A Bloody Nose on the Ice in PyeongChang

As hawkish U.S. policymakers create contingency plans for a preemptive strike to disarm North Korea, otherwise known as a “bloody nose strike,” the threat of war advances. This is concerning because war with Korea is simply not a viable option, given the credible nuclear threat posed by its supreme leader, Kim Jong-un. Yet the international community’s recognition of the impracticability of war doesn’t ease concerns when the best course of action proves more and more elusive as various national interests conflict and Kim Jong Un pits one player against another.

Aware of the disconnect between the rhetoric and objectives of the United States and South Korea, Kim has taken vastly different tones with the two nations, evident in his New Year’s address. Additionally, although peace talks with Washington have been promised by the North, all correspondence has run through South Korean channels, and it remains unclear whether such promises will be met. In his address to the people of North Korea, Kim expressly stated that he does not plan to cease the development of his nuclear program, despite the heavy sanctions and repeated threats from the international community  —both veiled and not-so-veiled. Speaking directly to the United States in his January 1st address, Kim said, “The entire area of the U.S. mainland is within our nuclear strike range. The United States can never start a war against me and our country.” Important to note in Kim’s rhetoric is a recurring theme of defensiveness underpinning the majority of statements made by North Korea: The Kim family regime wants to be left alone, and the intent of the nuclear arsenal is to safeguard that interest. However, rational actor or not, a volatile state such as North Korea simply cannot be left alone, and it is up to the international community to see denuclearization through, even if it takes decades.

Following his message to the United States, Kim turned his attention to South Korea, initiating peace talks with South Korean President Moon Jae-in, who readily agreed to negotiate. Although Moon has vowed to maintain a policy of sanctions against its northern counterpart, the international community has expressed its doubts. Moon has tried to quell concerns. He even reaffirmed his commitment to sanctions in a press conference in January in response to criticism of his lax policies towards Kim Jong Un’s continued nuclear development. He also assured the international community that any summit will not be held on North Korea’s terms and must meet a set of preconditions. These preconditions remain unspecified at this time, but will hopefully emphasize denuclearization in keeping with previous diplomatic arrangements within the peninsula.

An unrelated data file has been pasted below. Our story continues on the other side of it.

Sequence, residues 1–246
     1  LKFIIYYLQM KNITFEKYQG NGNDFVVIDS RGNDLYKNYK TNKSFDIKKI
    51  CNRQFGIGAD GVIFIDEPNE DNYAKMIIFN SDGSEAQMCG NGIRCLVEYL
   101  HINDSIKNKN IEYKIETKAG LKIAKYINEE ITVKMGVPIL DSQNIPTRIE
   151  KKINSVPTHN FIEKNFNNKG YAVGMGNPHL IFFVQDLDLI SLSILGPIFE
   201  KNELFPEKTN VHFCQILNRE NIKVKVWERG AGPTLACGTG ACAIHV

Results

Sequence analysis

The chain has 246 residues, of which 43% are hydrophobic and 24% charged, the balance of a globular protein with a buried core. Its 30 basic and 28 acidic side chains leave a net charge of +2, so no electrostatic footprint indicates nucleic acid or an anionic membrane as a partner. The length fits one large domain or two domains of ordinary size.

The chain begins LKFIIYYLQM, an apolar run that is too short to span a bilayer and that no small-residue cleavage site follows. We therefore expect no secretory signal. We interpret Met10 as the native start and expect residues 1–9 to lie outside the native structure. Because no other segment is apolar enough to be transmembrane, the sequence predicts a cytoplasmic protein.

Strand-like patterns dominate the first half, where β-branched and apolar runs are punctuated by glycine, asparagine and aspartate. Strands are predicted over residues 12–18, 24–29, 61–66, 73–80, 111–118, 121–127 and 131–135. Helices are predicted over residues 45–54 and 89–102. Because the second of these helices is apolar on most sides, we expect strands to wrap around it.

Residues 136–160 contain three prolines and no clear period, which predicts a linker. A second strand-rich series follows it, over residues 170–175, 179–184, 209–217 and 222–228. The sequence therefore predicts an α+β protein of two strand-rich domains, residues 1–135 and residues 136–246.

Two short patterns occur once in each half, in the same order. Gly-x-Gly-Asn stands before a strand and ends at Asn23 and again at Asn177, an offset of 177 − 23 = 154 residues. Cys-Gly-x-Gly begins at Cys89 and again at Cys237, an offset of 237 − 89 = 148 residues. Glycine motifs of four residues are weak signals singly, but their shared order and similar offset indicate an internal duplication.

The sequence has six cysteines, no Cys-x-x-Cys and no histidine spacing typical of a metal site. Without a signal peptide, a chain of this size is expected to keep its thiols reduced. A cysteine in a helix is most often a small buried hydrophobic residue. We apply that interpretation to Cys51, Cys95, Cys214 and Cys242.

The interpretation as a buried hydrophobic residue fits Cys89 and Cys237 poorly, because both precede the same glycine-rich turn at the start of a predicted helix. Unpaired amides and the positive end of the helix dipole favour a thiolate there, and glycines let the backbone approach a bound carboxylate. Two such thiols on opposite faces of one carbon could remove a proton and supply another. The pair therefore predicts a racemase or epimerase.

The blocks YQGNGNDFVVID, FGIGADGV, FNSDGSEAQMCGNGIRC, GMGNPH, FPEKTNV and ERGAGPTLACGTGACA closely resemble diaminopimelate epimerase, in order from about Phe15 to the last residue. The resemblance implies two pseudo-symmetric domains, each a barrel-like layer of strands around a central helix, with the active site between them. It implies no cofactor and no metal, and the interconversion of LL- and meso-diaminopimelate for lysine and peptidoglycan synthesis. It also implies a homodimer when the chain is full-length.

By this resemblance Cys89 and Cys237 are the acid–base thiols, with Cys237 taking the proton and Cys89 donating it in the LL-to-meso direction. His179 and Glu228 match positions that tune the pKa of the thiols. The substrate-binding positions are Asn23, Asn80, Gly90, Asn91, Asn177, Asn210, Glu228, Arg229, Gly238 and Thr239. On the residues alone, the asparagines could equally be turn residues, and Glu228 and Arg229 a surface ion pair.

Although the United States has a vested interest in the peninsula, undeniably the greatest existential threat faces South Korea, who has continually navigated tensions with the North diplomatically. In a move towards deescalation, the two states formed a joint women’s ice hockey team, an act that resembles ping-pong diplomacy, which references an effort at détente in which the United States’ national table tennis team engaged in a match against mainland China’s team’s team in the 1980s. Yet, many prominent thinkers remain skeptical of North Korean efforts at holding summits and fostering sunnier relations. Many view Kim’s uncharacteristic actions as evidence he is folding under the intense sanctions implemented under a UN Security Council mandate in late 2017, while others interpret it as a North Korean attempt to build diplomatic ties as a ploy to earn — and subsequently betray — South Korean trust.

As the United States increases the heat of its rhetoric, Moon conversely expresses an enthusiastic desire for diplomatic relations within the peninsula, which suggests a strategy on the part of the North to sow discord between Washington and Seoul. Such disharmony could force the hand of either the United States or South Korea, playing directly into the plans of Kim Jong-Un. North Korea, providing further indication that U.S.-South Korean discord may very well be its aim, cancelled a scheduled meeting with Vice President Mike Pence in February on very short notice, instead scheduling a meeting with South Korea.

Although encouraging on the surface, détente could spell trouble for the interests of the United States; China and Russia, North Korea’s closest trading partners, may recommence business dealings in the near future, undermining the effectiveness of Washington’s words and actions. Japan has already reported on Chinese and North Korean oil tankers engaging in a stealthy trade, which suggests that China may have already violated sanction efforts in favor of the Kim regime. Our treatment of the North Korean regime is ultimately a test of liberal internationalism—and sheds light on the relative depth of U.S. commitments to diplomacy, and by extension the effectiveness of diplomacy as a whole.

This article's cover image originally licensed under Korea Open Government Licence I: Attribution.

Hallie GriffithsComment